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Almost Half of Medical Care Delivered in Emergency Rooms

By HospiMedica International staff writers
Posted on 31 Oct 2017
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Image: A new study shows close to 50% of medical care in the US is delivered in the ED (Photo courtesy of Shutterstock).
Image: A new study shows close to 50% of medical care in the US is delivered in the ED (Photo courtesy of Shutterstock).
A new study reveals that nearly half of all medical care in the United States is delivered by emergency departments (EDs).

Researchers at George Washington University (GW, Washington, DC, USA), the University of Maryland School of Medicine (UMSOM; Baltimore, USA), and other institutions examined publicly available data from the US National Ambulatory Medical Care Survey and the National Hospital Discharge Survey databases in order to quantify the contribution of ED care to overall U.S. health care. The data covers all 50 states and the District of Columbia for the period of 1996 to 2010.

The results revealed nearly 130 million ED visits, compared with almost 101 million outpatient visits and nearly 39 million inpatient visits, signifying that an average of 47.7% of medical care in the United States is delivered in the ED. Analysis revealed that this percentage increased by 44% over the 14-year study period. The researchers found that certain groups were significantly more likely to use the ED as their method of healthcare, including African-American patients, who used the ED 54% of the time. The rate was even higher for urban African-Americans, who used emergency care 59% of the time in 2010.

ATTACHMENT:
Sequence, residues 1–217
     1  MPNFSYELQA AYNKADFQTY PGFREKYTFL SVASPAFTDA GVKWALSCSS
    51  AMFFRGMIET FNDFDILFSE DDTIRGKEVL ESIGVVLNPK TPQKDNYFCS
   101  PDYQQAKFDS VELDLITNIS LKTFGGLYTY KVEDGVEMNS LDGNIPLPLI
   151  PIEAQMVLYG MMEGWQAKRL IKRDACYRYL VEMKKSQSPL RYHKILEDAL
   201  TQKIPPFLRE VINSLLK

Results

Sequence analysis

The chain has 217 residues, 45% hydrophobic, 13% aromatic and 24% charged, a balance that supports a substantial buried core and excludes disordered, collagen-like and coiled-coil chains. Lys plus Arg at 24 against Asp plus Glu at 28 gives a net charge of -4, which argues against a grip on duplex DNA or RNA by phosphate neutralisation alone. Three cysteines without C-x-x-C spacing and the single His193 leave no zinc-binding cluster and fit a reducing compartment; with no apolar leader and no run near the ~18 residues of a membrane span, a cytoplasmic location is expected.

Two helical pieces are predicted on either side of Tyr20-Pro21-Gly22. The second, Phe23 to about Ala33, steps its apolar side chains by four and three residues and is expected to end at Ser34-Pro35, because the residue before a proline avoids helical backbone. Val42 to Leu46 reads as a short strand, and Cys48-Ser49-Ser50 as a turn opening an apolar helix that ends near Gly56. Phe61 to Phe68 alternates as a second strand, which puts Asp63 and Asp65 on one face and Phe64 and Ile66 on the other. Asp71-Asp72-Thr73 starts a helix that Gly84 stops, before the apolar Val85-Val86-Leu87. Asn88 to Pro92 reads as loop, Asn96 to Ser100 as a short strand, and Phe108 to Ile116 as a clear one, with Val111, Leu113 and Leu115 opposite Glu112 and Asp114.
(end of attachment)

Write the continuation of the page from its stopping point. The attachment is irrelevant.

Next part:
Other categories of patients that tended to use the ED as their primary point of care were Medicare and Medicaid beneficiaries and those without any type of insurance; patients living in the Southern and Western states, who used the ED 54% and 56% of the time, respectively; in the Northeastern states ED use was much lower, at 39% of all visits. Women also tended to use the ED more often. The authors suggest the findings point to increasing ED use by vulnerable populations due to socioeconomic and racial inequality that creates barriers to the use health care. The study was published on October 17, 2017, in the International Journal for Health Services.

“I was stunned by the results. This really helps us better understand health care in this country. This research underscores the fact that emergency departments are critical to our nation's healthcare delivery system,” said lead author David Marcozzi, MD, co-director of the UMSOM Program in Health Disparities and Population Health. “Patients seek care in emergency departments for many reasons. The data might suggest that emergency care provides the type of care that individuals actually want or need, 24 hours a day.”

Related Links:
George Washington University
University of Maryland School of Medicine

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